Don’t Throw Out Those Ripe Bananas

Written by Lynette Wuebker

Student Assistant, ISU Dietetics

 

There are so many ways that we can make the most of bananas, a nutrient packed snack full of potassium, and vitamins B, C, and A. What happens when they get brown, a little mushy, and are no longer good to eat though? Don’t throw them away! Some easy ways to use these ripe bananas are in popsicles, breads, muffins, smoothies, and as substitutes in your own home recipes. For example, in your daily recipes, you can substitute one ripe banana for each egg that is called for in the recipe. 

If you aren’t able to cook with the bananas right away, they can be placed in a ziploc bag in the freezer until you are ready to use them. My personal favorite use for ripe bananas is mixing up a big batch of banana bread loaves. Any of the loaves that don’t get eaten can be frozen and saved another day. These are perfect for a family brunch or quick and healthy snack after school.

 

For other ways to use less than perfect produce and reduce food waste, check out the Reducing Food Waste at Home Publication.

Less Waste, More Money

By Sarah Allen, Nutrition Program Student Assistant

Freeze Bean SoupIn my Let’s Talk about Food Waste blog last week, I shared about what food waste is and how much it can cost you. Reducing food waste is not as hard as you think. The USDA has created a resource called Let’s Talk Trash. In it they offer tips on how you can put a stop to food waste in your home.

  • Plan and Save: Look in your pantry, freezer, and fridge to make a list of what you need to buy before grocery shopping. This can help you buy only the food you need and keep money in your pocket.
  • Be Organized: After you buy food for the week, make sure that you keep things tidy. You can do this by having it sorted by expiration date. An easy way to keep cans organized is to take a permanent marker and write the date large enough to see. Put products with the earliest date toward the front of the cupboard, so they get used first.
  • Repurpose and freeze extra food: Sometimes having the same meal for the whole week can be boring. One way to use leftovers is by making them into a new meal. For example, if you have leftovers from our Tasty Taco Rice Salad recipe, use as a substitute for the filling in our Stuffed Peppers When you freeze food, write the following on the container:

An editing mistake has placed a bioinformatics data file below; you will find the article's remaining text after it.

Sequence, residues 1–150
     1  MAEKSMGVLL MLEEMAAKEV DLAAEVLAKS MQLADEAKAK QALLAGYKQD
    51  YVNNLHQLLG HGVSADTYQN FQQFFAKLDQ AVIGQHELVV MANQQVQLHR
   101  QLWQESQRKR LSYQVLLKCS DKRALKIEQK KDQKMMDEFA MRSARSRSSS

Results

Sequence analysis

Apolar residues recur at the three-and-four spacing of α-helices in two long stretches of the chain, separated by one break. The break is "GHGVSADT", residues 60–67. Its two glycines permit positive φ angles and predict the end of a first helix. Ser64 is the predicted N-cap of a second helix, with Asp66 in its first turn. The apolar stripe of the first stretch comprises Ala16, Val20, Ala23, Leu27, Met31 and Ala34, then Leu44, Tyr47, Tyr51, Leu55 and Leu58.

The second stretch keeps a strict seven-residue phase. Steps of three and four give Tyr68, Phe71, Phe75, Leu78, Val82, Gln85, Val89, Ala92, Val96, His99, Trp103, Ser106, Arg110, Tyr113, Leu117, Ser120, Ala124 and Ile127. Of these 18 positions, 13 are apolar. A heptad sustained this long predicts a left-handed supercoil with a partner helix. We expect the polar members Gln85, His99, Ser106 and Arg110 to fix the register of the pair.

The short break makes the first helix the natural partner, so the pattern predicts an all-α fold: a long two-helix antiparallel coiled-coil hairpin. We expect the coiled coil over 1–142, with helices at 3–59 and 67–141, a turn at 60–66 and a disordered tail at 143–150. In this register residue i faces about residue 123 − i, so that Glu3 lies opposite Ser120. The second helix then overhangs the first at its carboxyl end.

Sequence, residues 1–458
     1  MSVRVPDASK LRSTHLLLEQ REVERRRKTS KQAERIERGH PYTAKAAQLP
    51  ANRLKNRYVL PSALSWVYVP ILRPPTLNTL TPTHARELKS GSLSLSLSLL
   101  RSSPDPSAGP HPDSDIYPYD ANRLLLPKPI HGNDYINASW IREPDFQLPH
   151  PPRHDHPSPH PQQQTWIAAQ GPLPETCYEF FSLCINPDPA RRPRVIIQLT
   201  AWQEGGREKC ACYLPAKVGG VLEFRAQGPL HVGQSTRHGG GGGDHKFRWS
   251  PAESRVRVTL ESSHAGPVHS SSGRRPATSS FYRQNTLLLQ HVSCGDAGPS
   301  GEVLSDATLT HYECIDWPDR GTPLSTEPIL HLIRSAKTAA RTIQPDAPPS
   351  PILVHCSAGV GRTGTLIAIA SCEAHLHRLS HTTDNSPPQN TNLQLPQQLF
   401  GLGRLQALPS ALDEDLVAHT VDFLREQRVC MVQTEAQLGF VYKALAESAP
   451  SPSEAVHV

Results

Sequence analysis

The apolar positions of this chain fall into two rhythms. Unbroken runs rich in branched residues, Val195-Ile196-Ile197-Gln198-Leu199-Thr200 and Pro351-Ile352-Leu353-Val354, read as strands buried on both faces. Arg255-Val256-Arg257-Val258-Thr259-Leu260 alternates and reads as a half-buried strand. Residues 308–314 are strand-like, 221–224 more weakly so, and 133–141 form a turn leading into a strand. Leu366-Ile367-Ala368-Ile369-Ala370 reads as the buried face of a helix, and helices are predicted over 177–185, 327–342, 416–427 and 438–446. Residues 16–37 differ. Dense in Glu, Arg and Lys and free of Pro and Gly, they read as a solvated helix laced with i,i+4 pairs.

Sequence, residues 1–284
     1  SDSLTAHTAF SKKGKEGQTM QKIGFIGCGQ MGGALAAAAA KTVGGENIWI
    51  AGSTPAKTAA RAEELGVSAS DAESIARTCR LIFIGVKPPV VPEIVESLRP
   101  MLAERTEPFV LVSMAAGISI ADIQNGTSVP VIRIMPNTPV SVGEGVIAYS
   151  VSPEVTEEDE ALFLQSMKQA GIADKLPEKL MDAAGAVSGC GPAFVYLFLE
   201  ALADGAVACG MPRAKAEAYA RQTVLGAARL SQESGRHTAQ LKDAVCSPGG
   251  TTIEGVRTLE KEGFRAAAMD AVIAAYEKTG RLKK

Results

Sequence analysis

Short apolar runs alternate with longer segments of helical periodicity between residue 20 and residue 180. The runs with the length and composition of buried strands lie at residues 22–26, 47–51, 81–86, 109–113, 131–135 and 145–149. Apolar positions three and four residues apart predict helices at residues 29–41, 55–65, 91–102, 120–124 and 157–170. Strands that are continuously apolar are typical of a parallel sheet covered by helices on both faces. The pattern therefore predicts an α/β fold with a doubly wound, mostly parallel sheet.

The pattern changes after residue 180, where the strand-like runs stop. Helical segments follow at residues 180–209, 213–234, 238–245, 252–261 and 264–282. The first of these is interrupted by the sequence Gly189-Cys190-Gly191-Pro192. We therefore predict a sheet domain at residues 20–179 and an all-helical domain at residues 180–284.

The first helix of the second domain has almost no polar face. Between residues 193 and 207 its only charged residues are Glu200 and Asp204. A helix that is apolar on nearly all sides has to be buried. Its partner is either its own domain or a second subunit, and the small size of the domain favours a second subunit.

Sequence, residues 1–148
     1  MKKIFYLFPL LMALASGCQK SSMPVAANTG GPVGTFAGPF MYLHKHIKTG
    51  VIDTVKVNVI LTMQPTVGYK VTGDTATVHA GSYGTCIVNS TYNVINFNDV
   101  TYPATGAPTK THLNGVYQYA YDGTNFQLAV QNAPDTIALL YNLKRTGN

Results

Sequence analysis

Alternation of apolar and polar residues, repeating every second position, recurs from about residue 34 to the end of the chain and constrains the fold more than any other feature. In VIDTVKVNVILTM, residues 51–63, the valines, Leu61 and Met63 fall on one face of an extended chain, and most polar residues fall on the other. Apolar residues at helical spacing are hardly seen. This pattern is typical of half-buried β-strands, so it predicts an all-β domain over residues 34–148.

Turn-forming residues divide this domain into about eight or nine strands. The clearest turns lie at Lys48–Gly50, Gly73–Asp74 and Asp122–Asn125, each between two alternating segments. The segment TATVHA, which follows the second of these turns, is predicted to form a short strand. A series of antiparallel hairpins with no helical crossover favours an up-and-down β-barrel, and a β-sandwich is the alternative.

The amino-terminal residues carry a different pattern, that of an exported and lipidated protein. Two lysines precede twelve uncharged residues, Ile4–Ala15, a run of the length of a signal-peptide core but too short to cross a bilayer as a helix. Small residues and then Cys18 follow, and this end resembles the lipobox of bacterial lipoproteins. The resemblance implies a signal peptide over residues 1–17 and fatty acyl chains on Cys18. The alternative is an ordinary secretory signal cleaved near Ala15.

• The name of the food,
    • How much is in the container, and
    • The date that you put it in the freezer.

For more information on how you can store leftovers longer, watch How to Freeze Leftovers.

It may seem overwhelming to make these changes, but once you start, it will become a habit. I hope you can use these tips to help you save money!

Christine Hradek

Christine Hradek

Christine Hradek is a State Nutrition Specialist with Iowa State University Extension and Outreach. She coordinates ISU’s programs which help families with low income make healthy choices with limited food budgets. Christine loves helping families learn to prepare healthy foods, have fun in the kitchen and save money. In her spare time, Christine enjoys cooking, entertaining and cheering on her favorite college football teams with her family and friends.

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Let’s Talk about Food Waste

By Sarah Allen, Nutrition Program Student Assistant

Money in Trash BagIt is that time of year when fresh fruits and veggies are in season, and the grocery store has specials on meat for grilling. However, sometimes you buy too much and have to throw away food because it goes bad before you can use it. Food waste is particularly problematic when you are trying to stick to a tight grocery budget because you get nothing for your money if food goes in the trash.

How much money is that? On average, we waste $370 worth of food per person per year in the US. USDA’s Let’s talk trash. infographic breaks it up by types of food:

Grains (bread, pasta): $22 per year
Fruits (apples, banana, orange): $45 per year
Proteins (beef, chicken, pork, fish): $140 per year
Vegetables (onion, lettuce, peppers): $66 per year
Dairy (milk, yogurt, cheese): $60 per year
Added Fat & Sugar (chips, candy): $37 per year
Total: $370 per year

As you can see, protein is one of the top types of food that we throw away, while foods like bread and pasta are least likely to be thrown away. This seems like a lot of money (and food). Why do we throw food away? The main reason is because it spoils before we can eat it.

Food waste may seem hard to avoid, but you can reduce it. The Spend Smart. Eat Smart. website has a lot of ideas for how you can save your food in the Reduce Food Waste section. Look for my blog next week on how you can limit food waste!

Christine Hradek

Christine Hradek

Christine Hradek is a State Nutrition Specialist with Iowa State University Extension and Outreach. She coordinates ISU’s programs which help families with low income make healthy choices with limited food budgets. Christine loves helping families learn to prepare healthy foods, have fun in the kitchen and save money. In her spare time, Christine enjoys cooking, entertaining and cheering on her favorite college football teams with her family and friends.

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